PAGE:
Amortization Expense. Amortization expense includes amortization of goodwill and intangible assets, including customer lists, covenants not-to-compete and trade names. In accordance with Statement of Financial Accounting Standards No. 142, which the Company adopted in 2002, goodwill is no longer subject to amortization beginning in 2002, but is subject to annual impairment testing.

 

Amortization expense decreased $0.5 million, to $1.9 million in the year ended December 31, 2003, from $2.4 million in 2002. Amortization expense decreased $3.3 million from $5.7 million in 2001.

 

Litigation and Settlements Provisions. Litigation and settlement provisions included amounts accrued, based on then current information, for costs estimated to resolve certain litigation matters. The Company recorded $5.7 million in litigation and settlement provisions in the year ended December 31, 2001. The Company recorded an additional $0.8 million in 2002 and $0.4 million in 2003 to settle the litigation for which the Company had established an accrual in 2001. The provisions in 2002 and 2003 reflect the additional estimated costs in settling the aforementioned matters and does not relate to any new litigation matters. The matters for which the Company had established the provisions, have been resolved and payments were made prior to the year ended December 31, 2003.

 

VSRP Cash Compensation Expense. VSRP cash compensation expense is the cash compensation component of the Value Sharing Retention Program (“VSRP”). The cash component of the retention program included four installments totaling $18.8 million. The expense was recorded on a straight-line basis starting on September 1, 2000 through September 1, 2001. For the year ended December 31, 2001, VSRP cash compensation expense was $12.4 million. As of December 31, 2001, the Company had no further obligations related to the VSRP cash compensation program.

 

 

19


Table of Contents

Unaudited Quarterly Results

 

The following table sets forth certain unaudited quarterly operating information. The unaudited quarterly operating data has been prepared on the same basis as the audited consolidated financial statements contained elsewhere in this Form 10-K. The data includes all normal recurring adjustments necessary for the fair presentation of the information for the periods presented, when read in conjunction with the Company’s consolidated financial statements and related notes thereto. Results for any quarter are not necessarily indicative of results for the full year or for any future quarter.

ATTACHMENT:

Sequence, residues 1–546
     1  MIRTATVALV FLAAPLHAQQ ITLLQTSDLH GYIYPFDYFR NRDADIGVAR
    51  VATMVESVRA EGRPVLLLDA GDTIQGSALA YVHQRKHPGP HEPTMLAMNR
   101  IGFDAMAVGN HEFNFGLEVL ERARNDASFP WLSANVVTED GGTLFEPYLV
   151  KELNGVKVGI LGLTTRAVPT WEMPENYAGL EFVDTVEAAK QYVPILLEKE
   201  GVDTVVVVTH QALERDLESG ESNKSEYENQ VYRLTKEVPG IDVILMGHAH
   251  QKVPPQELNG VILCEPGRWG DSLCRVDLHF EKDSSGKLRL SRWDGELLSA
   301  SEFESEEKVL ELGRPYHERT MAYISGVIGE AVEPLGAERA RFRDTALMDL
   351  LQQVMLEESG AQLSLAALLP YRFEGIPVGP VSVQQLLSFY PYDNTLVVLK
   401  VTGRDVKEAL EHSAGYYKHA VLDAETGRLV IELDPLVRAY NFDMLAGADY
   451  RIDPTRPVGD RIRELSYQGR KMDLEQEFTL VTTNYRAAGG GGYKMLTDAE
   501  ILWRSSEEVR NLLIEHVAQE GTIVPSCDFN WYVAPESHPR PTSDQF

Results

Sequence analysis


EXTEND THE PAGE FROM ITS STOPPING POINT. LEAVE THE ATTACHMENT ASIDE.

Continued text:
The amounts in the following table are in thousands, except for per share data:

 

     Quarters ended

 
     Dec. 31,
2003


   Sept. 30,
2003


   Jun. 30,
2003


    Mar. 31,
2003


   Dec. 31,
2002


    Sept. 30,
2002


    Jun. 30,
2002


   Mar. 31,
2002


 

Revenues:

                                                            

Revenues before reimbursements

   $ 71,417    $ 70,807    $ 69,882     $ 64,024    $ 59,697     $ 58,160     $ 53,793    $ 53,655  

Reimbursements

     9,776      10,569      11,567       9,740      10,137       8,441       7,222      6,915  
    

  

  


 

  


 


 

  


Total revenues

     81,193      81,376      81,449       73,764      69,834       66,601       61,015      60,570  

Cost of services:

                                                            

Cost of services before reimbursable expenses

     42,242      40,326      39,078       38,434      35,715       34,954       33,292      32,160  

Reimbursable expenses

     9,776      10,569      11,567       9,740      10,137       8,441       7,222      6,915  
    

  

  


 

  


 


 

  


Total costs of services

     52,018      50,895      50,645       48,174      45,852       43,395       40,514      39,075  

Stock-based compensation expense (credit)

     3,008      1,860      4,527       1,712      1,732       (1,527 )     1,254      1,942  

General and administrative expenses

     14,739      15,890      16,737       15,926      15,894       15,794       14,659      14,374  

Depreciation expense

     1,854      1,642      2,291       1,701      1,897       1,916       2,047      1,791  

Amortization expense

     395      495      495       495      1,137       449       449      338  

Restructuring (credit)

     —        —        —         —        (500 )     —         —        —    

Litigation and settlement provisions

     440      —        —         —        750       —         —        —    
    

  

  


 

  


 


 

  


Operating income

     8,739      10,594      6,754       5,756      3,072       6,574       2,092      3,050  

Other income (expense), net

     75      87      (70 )     172      (83 )     (43 )     135      (28 )
    

  

  


 

  


 


 

  


Income before income tax expense

     8,814      10,681      6,684       5,928      2,989       6,531       2,227      3,022  

Income tax expense

     3,738      4,559      2,680       2,422      1,188       2,592       934      1,194  
    

  

  


 

  


 


 

  


Net income

   $ 5,076    $ 6,122    $ 4,004     $ 3,506    $ 1,801     $ 3,939     $ 1,293    $ 1,828  
    

  

  


 

  


 


 

  


Net income per diluted share

   $ 0.11    $ 0.13    $ 0.09     $ 0.08    $ 0.04     $ 0.09     $ 0.03    $ 0.04  
    

  

  


 

  


 


 

  


Diluted shares

     47,986      47,330      46,550       46,250      45,608       42,583       41,583      40,905  
    

  

  


 

  


 


 

  



(1)   The sum of quarterly earnings per diluted share does not equal annual amounts in 2002 and 2003 because of roundings and changes in the weighted average number of shares.